A Pleasant Surprise
Today, being the first official day of my son’s spring break, I was hoping our walk would be fun and different. It was. Despite weather more worthy of January or February (cloudy, windy, icy snow flurries, and temperatures in the mid-30s), we really had a great time.
We headed to the town of Lockport to walk along the Illinois and Michigan Canal. We also walked along the I & M Canal back on Day Forty, which is northeast of the section we visited today. I happened to pick Lockport because I knew it was on the canal, and I knew how to get there after years of high school cross-conference swim meets and water polo games. I figured I would just look for a place to park, and we’d walk along the canal. What I didn’t know was that I would see signs for “Lincoln Landing” and would stop to check it out. What a fortunate find.
Lincoln Landing is a museum and park along the canal. A sculpture of Abraham Lincoln as a young Illinois Legislator stands along the entrance to the park area. I learned later that Lincoln was one of the Illinois legislators that worked for the construction of the canal to connect Lake Michigan to the Illinois River (which would complete a waterway to the Mississippi and the Gulf of Mexico). The area that would become the town of Lockport was named the headquarters of the construction project.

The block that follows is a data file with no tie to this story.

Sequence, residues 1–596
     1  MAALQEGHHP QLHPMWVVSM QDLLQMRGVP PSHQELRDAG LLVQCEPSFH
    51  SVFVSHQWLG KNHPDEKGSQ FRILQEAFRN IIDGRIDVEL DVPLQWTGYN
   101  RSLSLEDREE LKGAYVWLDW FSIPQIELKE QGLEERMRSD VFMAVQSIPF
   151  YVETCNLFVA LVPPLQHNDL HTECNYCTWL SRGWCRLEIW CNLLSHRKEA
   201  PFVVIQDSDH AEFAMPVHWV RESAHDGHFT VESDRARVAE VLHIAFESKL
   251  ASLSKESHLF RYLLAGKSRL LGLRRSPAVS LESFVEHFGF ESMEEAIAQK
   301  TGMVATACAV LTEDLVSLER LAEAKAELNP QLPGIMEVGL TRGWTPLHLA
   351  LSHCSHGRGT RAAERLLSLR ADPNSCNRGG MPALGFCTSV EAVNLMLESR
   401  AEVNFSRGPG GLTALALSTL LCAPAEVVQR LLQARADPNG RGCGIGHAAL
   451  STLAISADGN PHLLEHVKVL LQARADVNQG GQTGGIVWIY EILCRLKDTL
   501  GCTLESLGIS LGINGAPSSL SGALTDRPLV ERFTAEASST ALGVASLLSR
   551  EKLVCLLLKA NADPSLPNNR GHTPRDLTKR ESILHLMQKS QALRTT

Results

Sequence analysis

I also learned that railroads were later built along the canal, and a train carried Lincoln’s body through Lockport after his assassination.
Lincoln Landing opened in February of 2009 as a joint project of The Will County Historical Society and the Give Something Back Foundation. The park displays several interactive signs about the history of Lockport, the canal, and Abraham Lincoln. There are also interesting displays about canal shipping and how locks work.
We briefly walked across the canal on two pedestrian bridges. I’m always a sucker for a pedestrian bridge. There’s a sturdy beauty in bridges, and standing on a bridge gives a new and different perspective of the cars or water below. I also have such respect for the civil engineers that build them; I wouldn’t be able to build a bridge to span anything.
Good day, good walk!